The Red Sox would like nothing more than for Ross, who hit five home runs in the 2010 postseason, to make an encore appearance at 1600 Pennsylvania Avenue after signing the 31-year-old outfielder Monday night to a one-year, $3 million deal with bonuses based on plate appearances, multiple sources said.
Boston had maintained an interest in Ross throughout the signing season, but pounced after his asking price dropped significantly -- initially, he was seeking a three-year deal -- and after left fielder Carl Crawford underwent surgery last week to address an arthritic condition in his left wrist.
Cody Ross adds needed depth to the Red Sox outfield mix.
They also acted after trading infielder Marco Scutaro and his $6 million salary to the Colorado Rockies, which freed up the money they privately said they needed to have before making additional upgrades.
Ross’s signing does not mean the Sox have abandoned their pursuit of adding another starting pitcher. They remain in discussions with free agent Roy Oswalt, though a team source cautioned they are exploring other options as well. Barring a trade for someone like White Sox pitcher Gavin Floyd, there does not appear to be another option as attractive as Oswalt, who could prove a bonanza if he stays healthy.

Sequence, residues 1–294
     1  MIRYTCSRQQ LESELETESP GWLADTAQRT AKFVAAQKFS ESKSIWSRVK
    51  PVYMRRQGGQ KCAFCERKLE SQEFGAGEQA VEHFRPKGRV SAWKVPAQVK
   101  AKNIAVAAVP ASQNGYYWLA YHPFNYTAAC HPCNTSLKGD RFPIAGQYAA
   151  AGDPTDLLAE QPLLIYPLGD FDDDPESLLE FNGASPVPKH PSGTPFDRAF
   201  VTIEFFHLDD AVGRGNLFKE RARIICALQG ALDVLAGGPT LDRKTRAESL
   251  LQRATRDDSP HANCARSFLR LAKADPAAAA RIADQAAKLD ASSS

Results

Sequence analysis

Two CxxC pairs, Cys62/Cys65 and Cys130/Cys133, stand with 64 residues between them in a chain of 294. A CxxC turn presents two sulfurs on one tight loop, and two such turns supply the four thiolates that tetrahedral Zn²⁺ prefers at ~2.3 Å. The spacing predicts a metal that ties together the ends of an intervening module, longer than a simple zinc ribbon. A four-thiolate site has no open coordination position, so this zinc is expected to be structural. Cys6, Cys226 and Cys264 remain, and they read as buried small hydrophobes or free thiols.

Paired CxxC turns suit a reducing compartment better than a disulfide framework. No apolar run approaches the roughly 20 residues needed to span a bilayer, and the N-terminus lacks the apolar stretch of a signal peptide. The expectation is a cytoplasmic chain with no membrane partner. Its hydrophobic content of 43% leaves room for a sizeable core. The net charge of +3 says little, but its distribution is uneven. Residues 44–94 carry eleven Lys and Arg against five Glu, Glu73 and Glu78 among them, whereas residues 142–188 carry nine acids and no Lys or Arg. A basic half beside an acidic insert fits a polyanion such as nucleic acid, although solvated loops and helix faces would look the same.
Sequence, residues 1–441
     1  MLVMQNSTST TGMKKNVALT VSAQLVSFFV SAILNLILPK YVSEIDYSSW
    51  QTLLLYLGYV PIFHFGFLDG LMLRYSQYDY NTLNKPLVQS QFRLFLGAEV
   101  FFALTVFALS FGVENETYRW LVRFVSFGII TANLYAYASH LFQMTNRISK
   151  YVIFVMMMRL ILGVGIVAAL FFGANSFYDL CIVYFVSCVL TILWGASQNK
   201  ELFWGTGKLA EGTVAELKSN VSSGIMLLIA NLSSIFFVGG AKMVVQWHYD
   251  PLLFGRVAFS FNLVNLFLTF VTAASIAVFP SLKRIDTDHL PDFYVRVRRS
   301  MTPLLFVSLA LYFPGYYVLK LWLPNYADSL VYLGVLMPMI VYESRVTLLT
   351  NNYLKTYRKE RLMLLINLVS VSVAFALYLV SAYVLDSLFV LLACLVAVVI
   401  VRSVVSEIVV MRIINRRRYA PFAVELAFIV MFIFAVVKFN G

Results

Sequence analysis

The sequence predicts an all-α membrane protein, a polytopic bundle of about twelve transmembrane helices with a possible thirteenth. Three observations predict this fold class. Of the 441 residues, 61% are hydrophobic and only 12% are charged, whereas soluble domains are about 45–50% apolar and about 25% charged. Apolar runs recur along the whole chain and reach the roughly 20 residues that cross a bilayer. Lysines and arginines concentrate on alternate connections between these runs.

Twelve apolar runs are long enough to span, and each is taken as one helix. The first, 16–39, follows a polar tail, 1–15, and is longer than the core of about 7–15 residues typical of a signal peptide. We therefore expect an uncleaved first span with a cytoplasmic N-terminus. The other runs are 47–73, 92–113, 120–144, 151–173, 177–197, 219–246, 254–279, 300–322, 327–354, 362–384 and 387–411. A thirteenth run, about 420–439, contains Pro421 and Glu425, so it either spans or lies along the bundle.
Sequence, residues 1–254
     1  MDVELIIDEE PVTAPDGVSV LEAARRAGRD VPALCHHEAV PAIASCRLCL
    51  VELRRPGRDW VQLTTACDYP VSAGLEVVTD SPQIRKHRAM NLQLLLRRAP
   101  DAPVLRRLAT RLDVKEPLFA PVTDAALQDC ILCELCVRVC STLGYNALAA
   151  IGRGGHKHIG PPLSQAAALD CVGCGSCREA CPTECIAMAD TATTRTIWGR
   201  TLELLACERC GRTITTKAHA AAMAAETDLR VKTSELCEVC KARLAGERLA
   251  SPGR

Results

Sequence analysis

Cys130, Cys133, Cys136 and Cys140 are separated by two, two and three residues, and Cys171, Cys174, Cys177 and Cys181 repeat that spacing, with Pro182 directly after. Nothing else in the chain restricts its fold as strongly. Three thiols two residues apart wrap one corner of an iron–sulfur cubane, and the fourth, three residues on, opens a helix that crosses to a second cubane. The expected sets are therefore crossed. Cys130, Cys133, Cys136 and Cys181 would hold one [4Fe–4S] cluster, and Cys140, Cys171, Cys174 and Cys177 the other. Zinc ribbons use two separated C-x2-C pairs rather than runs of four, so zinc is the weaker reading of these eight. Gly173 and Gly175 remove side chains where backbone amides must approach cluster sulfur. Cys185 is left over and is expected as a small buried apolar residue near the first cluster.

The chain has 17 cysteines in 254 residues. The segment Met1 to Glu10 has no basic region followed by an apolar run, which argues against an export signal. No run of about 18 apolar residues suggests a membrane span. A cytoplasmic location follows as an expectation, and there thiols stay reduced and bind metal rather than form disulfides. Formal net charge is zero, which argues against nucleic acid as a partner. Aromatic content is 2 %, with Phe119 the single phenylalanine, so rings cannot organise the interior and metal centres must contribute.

The Sox also are thin at shortstop after dealing Scutaro, with veterans Nick Punto and Mike Aviles and rookie Jose Iglesias their only options at this time. The Sox have indicated they do not want to rush the 22-year-old Iglesias, who has fewer than 700 professional at-bats, and with neither Punto and Aviles the answer on an everyday basis, the Sox are expected to seek more help there. Punto is the better glove of the two, Aviles a better bat.
For the record, one-time Red Sox prospect David Eckstein, who didn’t play at all last season, has not officially retired, his agent Ryan Gleichowski wrote in an e-mail Monday, but the Sox have not reached out.
[And yes, for what it’s worth, Eckstein has been to the White House too, at least a couple of times, with the Angels and the Cardinals after they won the World Series. Eckstein presented George Bush a Cardinals jersey in 2007, five years after he’d attended a small dinner party with the president, taking his mom along for company.]
Even before Crawford’s injury, the Sox had maintained a healthy interest in Ross, who has hit left-handed pitchers well, with a career .912 OPS, though his 2011 performance (.336 OBP/.362 SLG/.698 OPS) did not approach that number.
Ross should be given every chance to leap ahead of Darnell McDonald in a potential platoon in right field, and will come to camp hoping to convince Bobby Valentine that he should play every day ahead of Ryan Sweeney. But with Crawford uncertain to be ready when the regular season begins, Ross gives the Sox much-needed protection.
He had a dream October for the Giants after coming to San Francisco, his fifth big-league team, in a trading-deadline deal from the Florida Marlins. He was MVP of the Giants’ NLCS victory over the Phillies after hitting two home runs off Roy Halladay in Game 1 and (future teammate?) Oswalt in Game 2. In the prior division series, against the Braves, he drove in the winning run in two of the Giants’ three wins. He also homered off Colby Lewis of the Rangers in the World Series.